New single-family home sales did something remarkable this month. Sales in this sector rose significantly month-over-month and year-over-year to reach the highest level since 2008 despite falling inventory levels.
U.S. Census Bureau and HUD estimates found that new single-family home sales in April 2016 were at a seasonally adjusted annual rate of 619,000, a 16.6 percent increased from March's rate of 531,000 and up 23.8 percent from last April's estimate of 500,000.
Ralph B. McLaughlin, Chief Economist, Trulia said, "The gain reflects a sharp increase in demand from homebuyers and a healthy U.S. economy, and should put to rest fears of an oncoming recession. April’s large jump should also instill homebuilder confidence throughout the remainder of the year. Home sales in April show a sharp climb back normal, as they are now 79 percent of the 50-year average. This is up from 77 percent in March."
Some economists, like Realtor.com Chief Economist Jonathan Smoke feel that the new home market is having its best spring buying season in a decade.
Smoke reported that April’s non-seasonally adjusted volume of new home contracts was estimated to be 61,000, which was the highest April volume since 2007. However, a key difference he noted between now and 2007 is that 38 percent of the new homes sold then were completed speculative inventory. In April, less than 30 percent of new homes sold were completed.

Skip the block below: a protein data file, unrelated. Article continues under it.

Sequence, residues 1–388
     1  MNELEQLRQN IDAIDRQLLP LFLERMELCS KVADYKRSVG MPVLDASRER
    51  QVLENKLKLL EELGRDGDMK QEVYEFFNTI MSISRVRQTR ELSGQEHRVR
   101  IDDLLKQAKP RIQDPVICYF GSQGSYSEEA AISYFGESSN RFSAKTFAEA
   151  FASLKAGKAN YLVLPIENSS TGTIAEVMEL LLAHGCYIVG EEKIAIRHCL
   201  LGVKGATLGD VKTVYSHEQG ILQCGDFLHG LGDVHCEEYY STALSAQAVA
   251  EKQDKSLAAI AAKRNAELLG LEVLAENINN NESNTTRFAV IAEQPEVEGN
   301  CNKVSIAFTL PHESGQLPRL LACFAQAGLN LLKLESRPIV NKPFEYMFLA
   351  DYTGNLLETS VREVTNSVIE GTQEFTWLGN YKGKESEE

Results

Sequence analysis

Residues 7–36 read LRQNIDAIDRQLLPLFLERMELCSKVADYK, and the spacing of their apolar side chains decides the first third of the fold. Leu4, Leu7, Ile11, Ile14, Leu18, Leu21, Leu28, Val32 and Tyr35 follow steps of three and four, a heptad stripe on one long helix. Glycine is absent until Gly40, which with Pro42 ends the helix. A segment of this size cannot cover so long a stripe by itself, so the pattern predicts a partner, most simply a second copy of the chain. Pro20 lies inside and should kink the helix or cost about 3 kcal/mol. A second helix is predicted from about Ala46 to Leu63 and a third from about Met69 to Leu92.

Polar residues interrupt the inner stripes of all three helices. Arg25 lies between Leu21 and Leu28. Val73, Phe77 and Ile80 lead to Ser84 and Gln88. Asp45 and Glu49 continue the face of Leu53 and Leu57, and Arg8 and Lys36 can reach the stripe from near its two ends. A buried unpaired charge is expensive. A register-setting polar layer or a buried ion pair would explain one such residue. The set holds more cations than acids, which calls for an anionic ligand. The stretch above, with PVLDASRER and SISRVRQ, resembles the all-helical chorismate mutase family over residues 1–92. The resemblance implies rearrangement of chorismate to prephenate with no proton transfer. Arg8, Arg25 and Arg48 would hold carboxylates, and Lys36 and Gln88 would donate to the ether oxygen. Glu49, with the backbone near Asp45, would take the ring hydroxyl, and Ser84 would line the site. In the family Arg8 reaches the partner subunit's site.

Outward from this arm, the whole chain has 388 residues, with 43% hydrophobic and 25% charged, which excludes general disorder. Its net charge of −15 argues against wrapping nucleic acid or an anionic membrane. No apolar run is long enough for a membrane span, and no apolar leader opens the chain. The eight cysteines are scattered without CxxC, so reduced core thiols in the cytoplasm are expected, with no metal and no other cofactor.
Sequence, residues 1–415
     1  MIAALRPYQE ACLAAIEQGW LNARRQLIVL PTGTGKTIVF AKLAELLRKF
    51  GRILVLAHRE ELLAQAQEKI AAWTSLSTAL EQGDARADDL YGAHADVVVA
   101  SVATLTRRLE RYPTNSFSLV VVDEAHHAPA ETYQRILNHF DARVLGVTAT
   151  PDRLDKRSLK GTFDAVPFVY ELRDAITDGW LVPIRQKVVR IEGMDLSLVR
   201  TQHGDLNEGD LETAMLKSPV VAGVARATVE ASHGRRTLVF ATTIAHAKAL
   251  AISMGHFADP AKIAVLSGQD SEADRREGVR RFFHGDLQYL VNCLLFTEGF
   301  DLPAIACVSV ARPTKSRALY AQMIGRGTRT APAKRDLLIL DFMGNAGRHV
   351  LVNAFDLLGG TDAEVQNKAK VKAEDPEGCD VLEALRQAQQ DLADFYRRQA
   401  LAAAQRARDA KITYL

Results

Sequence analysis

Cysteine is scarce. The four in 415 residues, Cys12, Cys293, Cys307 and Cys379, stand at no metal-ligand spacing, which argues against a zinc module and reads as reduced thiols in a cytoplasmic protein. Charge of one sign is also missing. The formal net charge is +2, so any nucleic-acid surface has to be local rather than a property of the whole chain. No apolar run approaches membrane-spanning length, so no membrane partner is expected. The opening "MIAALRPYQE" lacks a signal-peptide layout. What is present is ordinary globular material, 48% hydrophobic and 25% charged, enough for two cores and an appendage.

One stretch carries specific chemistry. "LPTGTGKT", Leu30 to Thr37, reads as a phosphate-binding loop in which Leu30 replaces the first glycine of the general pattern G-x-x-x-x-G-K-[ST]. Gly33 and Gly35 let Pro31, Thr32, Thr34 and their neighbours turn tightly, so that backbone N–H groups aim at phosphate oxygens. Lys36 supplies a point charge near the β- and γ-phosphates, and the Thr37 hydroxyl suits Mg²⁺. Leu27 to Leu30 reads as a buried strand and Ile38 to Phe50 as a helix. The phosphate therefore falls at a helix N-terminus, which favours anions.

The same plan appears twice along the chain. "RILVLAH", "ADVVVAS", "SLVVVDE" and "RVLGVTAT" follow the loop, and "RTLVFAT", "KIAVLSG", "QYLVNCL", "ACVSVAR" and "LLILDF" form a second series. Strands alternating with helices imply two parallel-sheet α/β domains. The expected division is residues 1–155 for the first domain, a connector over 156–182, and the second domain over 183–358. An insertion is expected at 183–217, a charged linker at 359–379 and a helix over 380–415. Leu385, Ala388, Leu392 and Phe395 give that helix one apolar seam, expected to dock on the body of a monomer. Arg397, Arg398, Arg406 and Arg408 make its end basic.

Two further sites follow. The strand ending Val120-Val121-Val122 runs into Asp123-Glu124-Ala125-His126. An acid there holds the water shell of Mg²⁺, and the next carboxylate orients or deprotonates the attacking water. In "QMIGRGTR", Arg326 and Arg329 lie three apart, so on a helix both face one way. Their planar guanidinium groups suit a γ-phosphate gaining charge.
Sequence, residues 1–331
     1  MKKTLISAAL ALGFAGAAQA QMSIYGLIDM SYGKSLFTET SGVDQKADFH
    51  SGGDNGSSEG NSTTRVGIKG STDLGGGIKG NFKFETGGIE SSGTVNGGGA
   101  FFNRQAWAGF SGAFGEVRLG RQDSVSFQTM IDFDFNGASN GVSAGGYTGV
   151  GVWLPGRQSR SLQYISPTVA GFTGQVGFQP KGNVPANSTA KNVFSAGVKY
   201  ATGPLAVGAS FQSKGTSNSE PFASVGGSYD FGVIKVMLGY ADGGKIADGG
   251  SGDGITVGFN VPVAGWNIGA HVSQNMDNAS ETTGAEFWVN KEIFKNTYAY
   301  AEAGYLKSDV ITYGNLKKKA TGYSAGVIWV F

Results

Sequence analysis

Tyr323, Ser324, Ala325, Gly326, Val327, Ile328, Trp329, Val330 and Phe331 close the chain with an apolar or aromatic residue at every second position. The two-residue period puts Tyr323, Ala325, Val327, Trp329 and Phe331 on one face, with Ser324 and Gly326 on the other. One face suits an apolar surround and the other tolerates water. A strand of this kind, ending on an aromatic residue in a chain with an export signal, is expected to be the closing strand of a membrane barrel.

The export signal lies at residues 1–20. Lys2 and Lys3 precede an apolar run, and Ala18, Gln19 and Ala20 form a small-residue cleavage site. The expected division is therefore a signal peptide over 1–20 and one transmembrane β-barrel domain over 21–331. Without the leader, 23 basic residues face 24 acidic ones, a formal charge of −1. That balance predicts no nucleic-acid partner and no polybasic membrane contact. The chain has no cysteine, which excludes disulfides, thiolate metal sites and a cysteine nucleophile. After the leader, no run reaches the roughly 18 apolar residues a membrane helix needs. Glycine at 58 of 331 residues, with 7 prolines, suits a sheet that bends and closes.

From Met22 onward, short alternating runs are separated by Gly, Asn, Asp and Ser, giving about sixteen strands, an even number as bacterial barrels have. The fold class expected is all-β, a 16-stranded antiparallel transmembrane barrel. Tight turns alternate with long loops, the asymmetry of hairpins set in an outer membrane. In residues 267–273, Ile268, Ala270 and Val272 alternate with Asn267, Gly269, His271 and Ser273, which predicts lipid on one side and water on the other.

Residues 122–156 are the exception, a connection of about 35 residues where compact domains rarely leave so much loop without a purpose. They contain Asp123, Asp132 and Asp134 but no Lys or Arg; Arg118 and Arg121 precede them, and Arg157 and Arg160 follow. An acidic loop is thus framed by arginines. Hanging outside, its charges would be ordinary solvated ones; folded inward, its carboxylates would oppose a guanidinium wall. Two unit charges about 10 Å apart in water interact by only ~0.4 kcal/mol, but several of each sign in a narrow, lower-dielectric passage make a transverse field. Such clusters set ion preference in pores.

"It appears that the growth in sales is coming from higher price points, indicating that builders are finding success with move-up, luxury, and active adult home buyers rather than entry level buyers," Smoke said. "Hopefully this will free up existing home owners to sell their lower priced homes as they move up.
The Bureau and HUD reported that the median sales price of new houses sold in April 2016 was $321,100 and the average sales price was $379,800. Meanwhile, the seasonally adjusted estimate of new houses for sale at the end of April was 243,000, which represents a below-normal supply of 4.7 months at the current sales rate. Inventory levels in March were 5.5 percent and in April of last year they were at 5.0 percent.
"A decreasing supply of new homes is sour news for homebuyers, who have also been stymied by low inventory of existing homes over the past four years," McLaughlin said. "The drop in supply means sales prices for new homes may rise quickly throughout the remainder of the home buying season."
Robert Dietz, Chief Economist, National Association of Home Builders (NAHB) noted, "As regulatory costs rise, it remains difficult for builders to add inventory to the lower-price tiers."
He continued, "As a whole, the April data represents good news for the building sector and is consistent with the Housing Market Index, which shows builders’ cautious optimism in the industry. NAHB’s forecast is for single-family starts to continue to expand as housing demand increases and existing inventory remains tight."